Graffiti with the words “Wielka Polska” (Great Poland in English) and the Celtic cross, which according to the Anti-Defamation League is one of the most common white supremacist symbols, appeared at the Kent St. entrance to Transmitter Park next to East River Studios, where the Showtime production “Billions” is currently filming.
The hate symbol appeared on Monday morning following the Nov. 11, Polish Independence centennial celebration of “Sto Lat,” which also marks the end of World War I in 1918.
For years I used to love taking the number seven train through Long Island City just to see the amazing 5 Pointz building and its amazing graffiti. Some called it “The United Nations of Graffiti” because of the international artists who created the art there. Other people dubbed it “the world’s only graffiti museum.” The owner, Jerry Wolkoff, had given the artists’ permission to use the building as a canvas for “aerosol art” and the building was covered in multicolored murals and tags, making it a tourist mecca as artists and fans of graffiti art from around the world traveled to see the former industrial building in Long Island City that artists had decorated for two decades. Continue reading →
Greenpoint Hill’s newest show features works from all-female artists ranging from hand-painted digital prints to ceramics to paintings. “The works share an emphasis on materiality. Just as Elizabeth Murray’s painting, an oil painting on a rectangle, was pushed to 3-d objecthood by rotating the canvas about 45 degrees, the work in this exhibition does not simply exist as 2-dimensional image. In Maria Caladra’s work, this shift occurs more subtly, through the mark-making. The work in Parting and Together asks for a more intimate viewing experience.”Continue reading →
Tony “Rubin” Sjöman grew up in Bergsjön, Sweden, and began doing graffiti when he was 9 years old.Painting under the name Rubin415, he splits his time between large scale murals, and studio paintings, specializing in a unique geometric style, and a clean aesthetic, reminiscent of Scandinavian design. He uses fine line, and abstract shapes, meticulously painted with a very specific palette and many shades of grey.
Rubin’s style is an elaborate evolution of his longtime work with graffiti. The precise curves, lines, and shapes originate from his adopted graffiti name “Rubin” and along with shapes inspired by the surrounding urban landscape, appear in an abstracted form throughout both his studio and street art work. The 415 in his name is a homage to his hometown Bergsjön in Sweden. The thin copper lines accenting some of the pieces are a tribute to Rubin’s father who was a welder.
We met in his studio in East Williamsburg to talk about his current projects, the influence of his Scandinavian roots, and the effects street art has on neighborhoods.
Have you ever been walking the streets of Greenpoint and noticed a careful scrawl with an arrow, “To the Moon” on the sidewalk?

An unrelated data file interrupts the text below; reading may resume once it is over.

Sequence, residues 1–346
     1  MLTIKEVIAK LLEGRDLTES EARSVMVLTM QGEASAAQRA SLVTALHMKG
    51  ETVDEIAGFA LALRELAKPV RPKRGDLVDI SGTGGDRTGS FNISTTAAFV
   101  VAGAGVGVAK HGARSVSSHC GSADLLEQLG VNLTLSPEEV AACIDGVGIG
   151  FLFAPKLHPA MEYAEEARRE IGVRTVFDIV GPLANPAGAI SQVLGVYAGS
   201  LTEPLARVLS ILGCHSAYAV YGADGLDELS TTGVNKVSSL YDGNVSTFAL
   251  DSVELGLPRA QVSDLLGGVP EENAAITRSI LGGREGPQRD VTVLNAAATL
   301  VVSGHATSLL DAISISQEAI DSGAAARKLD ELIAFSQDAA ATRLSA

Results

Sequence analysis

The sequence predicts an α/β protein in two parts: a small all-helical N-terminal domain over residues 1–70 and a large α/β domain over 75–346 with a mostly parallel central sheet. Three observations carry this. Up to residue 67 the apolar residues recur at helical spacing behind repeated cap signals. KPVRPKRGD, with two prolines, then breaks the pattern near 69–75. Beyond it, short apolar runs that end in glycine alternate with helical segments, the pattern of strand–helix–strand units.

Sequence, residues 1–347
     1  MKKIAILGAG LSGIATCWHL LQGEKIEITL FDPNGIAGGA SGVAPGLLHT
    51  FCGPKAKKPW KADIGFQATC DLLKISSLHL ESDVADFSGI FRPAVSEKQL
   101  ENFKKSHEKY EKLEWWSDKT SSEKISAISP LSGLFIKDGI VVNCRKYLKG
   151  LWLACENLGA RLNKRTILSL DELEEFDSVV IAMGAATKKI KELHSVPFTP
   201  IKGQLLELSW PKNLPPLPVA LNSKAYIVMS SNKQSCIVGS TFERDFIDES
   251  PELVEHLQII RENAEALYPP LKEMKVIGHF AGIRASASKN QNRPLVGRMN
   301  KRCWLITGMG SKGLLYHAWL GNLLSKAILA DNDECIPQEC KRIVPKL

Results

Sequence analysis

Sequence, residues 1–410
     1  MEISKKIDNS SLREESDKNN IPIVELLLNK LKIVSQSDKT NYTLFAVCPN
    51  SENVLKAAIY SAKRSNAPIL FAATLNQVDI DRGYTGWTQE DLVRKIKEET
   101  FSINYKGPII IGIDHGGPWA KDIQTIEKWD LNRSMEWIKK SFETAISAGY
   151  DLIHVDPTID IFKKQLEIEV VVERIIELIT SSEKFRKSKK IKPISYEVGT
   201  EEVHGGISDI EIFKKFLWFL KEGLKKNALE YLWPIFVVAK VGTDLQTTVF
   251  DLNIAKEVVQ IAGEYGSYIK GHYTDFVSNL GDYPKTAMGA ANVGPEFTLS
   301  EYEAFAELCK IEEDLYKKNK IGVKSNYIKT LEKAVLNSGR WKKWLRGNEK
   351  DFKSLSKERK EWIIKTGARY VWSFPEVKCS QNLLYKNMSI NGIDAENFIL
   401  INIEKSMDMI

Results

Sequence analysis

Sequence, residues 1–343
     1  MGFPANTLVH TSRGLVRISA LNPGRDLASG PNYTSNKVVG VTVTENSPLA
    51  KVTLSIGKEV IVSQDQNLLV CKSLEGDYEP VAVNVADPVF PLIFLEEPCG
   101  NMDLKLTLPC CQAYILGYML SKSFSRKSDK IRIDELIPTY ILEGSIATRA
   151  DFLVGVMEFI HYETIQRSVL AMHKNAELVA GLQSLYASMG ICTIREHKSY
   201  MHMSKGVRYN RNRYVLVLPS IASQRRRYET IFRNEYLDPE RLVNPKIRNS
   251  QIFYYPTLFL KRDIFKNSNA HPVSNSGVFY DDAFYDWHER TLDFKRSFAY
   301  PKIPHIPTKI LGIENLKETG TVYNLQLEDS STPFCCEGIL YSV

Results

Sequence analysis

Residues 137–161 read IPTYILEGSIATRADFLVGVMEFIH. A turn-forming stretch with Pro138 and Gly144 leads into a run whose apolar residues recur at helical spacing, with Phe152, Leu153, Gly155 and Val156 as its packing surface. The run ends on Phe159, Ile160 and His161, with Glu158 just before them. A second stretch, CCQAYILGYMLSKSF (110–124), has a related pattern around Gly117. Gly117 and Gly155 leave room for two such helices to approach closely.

The artist who goes by Gazoo To The Moon has spread his message everywhere he goes. Often carrying spray paint in his bag, even when he’s traveling, his work relays the idea that you should always be shooting for your dreams. So why not shoot for the moon?
A common thread in Pixote’s work is its massive size, matched by ambitious height. His tags are hard to miss. I’ve seen his unique graffiti everywhere—from billboards to high walls all over Brooklyn and NYC—so often that it seems ubiquitous.
A piece that always comes to mind is the tag on the pale yellow wall on the popular corner of Bedford and Nassau north of McCarren park. The giant writing, juxtaposed by the Aaron Swartz memorial mural (by BAMN) seems so iconic that I associate the entire intersection of Williamsburg and Greenpoint with the sight.
My curiosity grew stronger as I learned more about the artist behind the famous tags, the influence of his Brazilian roots, and the mysterious Pixação. We met in a coffeeshop in Greenpoint, and our conversation went far beyond graffiti, as we talked about spirituality, music, and social consciousness.
We had so much fun last year at Williamsburg Walks, and are psyched about this year’s festivities. On June 11th and 12th, Bedford Avenue between Metropolitan and N 12th Street will turn into an artsy public park. Temporary wall units, interactive installations and sculptures will be staggered throughout the blocks. In addition to the installations there will be a variety of activities; last year there were a ton of vendors selling their wares, food and a skateboarding demo.
Northside Art is seeking proposals for:
1. Live painting/graffiti/collage
2. Interactive installations/workshops
3. Sculpture/stand alone installations
4. Performance artists
If you don’t know, now you know, Greenpoint! Every season, the gorgeous Greenpoint Loft comes alive with FREE fun activities, food & refreshments, music, and epic local shopping. And on Sunday, February 7th (1-7PM) we’re spreading the love the Greenpoint way at ourannual Valentine’s Market!
Last Monday neighborhood residents were witness to a rare sighting of the locally famous and indigenous/ursine hoops fan, KnickerBear. Standing near the corner of West Street and Greenpoint Ave. crying his hard, marble eyes out with middle fingers raised to the sky, KnickerBear let the north Brooklyn neighborhood know exactly what he thought of it–and of his team’s defense recently getting turned into Swiss cheese by Deron Williams and the rest of the Brooklyn Nets.